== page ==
Saturday, October 20, 2012

A Simul Retrospective

A year ago today, as the Autumn leaves were beginning their descent towards the New England ground, a crowd started to gather around an unfamiliar sight in South Station. 

Some recognized the local legend, though many more asked members of the growing audience who this fellow was who seemed to be playing everyone around him at the same time. It was, of course, GM Larry Christiansen, the three-time U.S. Champion, showcasing his might against all those eager comers. He would lose three games that day, against a trio of strong players (pictured above, seated in front of Larry) who happened to be sitting next to each other. He would win eighteen others, of course. In the meantime, the crowd kept growing, gazing at the sheer feat and at the mastermind who executed it. With that, the first South Station Simul was declared a success.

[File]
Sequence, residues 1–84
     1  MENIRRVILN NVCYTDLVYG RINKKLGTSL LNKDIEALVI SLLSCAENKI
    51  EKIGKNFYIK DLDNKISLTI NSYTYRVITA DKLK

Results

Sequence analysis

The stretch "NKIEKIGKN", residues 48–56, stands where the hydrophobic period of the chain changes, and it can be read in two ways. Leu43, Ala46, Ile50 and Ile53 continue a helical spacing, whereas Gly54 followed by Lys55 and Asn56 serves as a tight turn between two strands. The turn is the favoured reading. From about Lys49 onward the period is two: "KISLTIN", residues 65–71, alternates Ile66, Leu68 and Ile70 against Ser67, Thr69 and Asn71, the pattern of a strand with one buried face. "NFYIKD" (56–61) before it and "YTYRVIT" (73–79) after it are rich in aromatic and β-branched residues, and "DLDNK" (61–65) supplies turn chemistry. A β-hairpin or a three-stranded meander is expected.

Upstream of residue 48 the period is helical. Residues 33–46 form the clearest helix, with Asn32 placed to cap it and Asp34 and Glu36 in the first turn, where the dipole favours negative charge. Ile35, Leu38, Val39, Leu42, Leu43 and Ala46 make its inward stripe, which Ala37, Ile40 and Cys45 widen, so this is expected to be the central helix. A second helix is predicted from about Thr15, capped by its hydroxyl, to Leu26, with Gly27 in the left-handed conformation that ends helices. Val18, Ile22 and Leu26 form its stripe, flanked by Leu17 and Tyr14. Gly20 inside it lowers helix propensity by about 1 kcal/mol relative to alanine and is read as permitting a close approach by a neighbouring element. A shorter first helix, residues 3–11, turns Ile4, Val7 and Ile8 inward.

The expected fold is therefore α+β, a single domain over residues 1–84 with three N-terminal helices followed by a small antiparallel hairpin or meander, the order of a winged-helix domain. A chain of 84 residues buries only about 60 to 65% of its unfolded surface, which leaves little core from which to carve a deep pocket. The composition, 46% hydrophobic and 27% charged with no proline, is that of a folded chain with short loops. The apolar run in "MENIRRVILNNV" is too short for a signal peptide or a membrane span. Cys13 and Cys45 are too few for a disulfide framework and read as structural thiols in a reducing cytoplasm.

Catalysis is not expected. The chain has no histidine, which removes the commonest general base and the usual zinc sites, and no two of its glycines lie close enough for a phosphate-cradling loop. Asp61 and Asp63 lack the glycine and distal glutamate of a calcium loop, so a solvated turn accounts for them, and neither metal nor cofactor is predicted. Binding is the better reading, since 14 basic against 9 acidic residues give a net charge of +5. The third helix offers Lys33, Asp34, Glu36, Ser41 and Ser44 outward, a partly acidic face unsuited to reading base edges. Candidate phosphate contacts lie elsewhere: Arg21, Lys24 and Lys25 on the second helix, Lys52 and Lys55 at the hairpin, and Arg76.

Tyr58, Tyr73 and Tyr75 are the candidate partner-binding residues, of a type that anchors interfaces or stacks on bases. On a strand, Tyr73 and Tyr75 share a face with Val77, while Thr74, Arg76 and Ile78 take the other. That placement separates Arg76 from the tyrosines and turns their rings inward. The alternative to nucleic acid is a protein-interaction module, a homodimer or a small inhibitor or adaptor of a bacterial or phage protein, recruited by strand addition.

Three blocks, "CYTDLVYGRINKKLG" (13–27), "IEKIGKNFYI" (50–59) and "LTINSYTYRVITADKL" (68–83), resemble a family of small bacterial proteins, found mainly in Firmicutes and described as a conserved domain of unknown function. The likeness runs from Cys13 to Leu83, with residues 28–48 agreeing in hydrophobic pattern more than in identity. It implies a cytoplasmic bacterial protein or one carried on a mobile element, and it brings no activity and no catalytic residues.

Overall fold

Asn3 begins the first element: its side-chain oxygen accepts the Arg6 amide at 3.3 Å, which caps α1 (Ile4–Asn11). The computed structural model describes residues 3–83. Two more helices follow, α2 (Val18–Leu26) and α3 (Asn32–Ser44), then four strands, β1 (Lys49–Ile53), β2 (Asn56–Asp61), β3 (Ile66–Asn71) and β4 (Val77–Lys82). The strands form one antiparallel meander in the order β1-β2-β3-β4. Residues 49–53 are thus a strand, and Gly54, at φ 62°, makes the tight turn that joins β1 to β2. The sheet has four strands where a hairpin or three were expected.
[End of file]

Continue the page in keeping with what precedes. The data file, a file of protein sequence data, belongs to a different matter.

That was one year ago today. Since then, GM Christiansen wiped away whatever rust may have been bothering him the first night. No simul since the first has seen more than a single winner, despite a multitude of experts and a number of masters taking the legend on. In the two most recent events, he would finish utterly unbeaten and undrawn. After the first few simuls were run somewhat sporadically, the event itself has settled into some consistency as well, being held on the second Tuesday every month.

The crowds still gather in full force, though, more and more of them seemingly able to answer that question onlookers inevitably seem to ask. Namely, "Who is that guy?'

I wanted to take this opportunity to thank everyone who helped make this possible. To Larry, for giving us these displays month after month. To our wonderful former president, Jason Rihel, who spearheaded that first the station.  To club board members Doc Kinne and Natasha Christiansen, whose efforts and energy have been crucial in promoting chess in the public square. To Ted Furst, Matt Coogan, and everyone else involved with Biederman Redevelopment Ventures, who first brought the idea of promoting chess in the city to our club.

And finally, to the players themselves. It has been a wonderful year. Let's keep this South Station train rolling!

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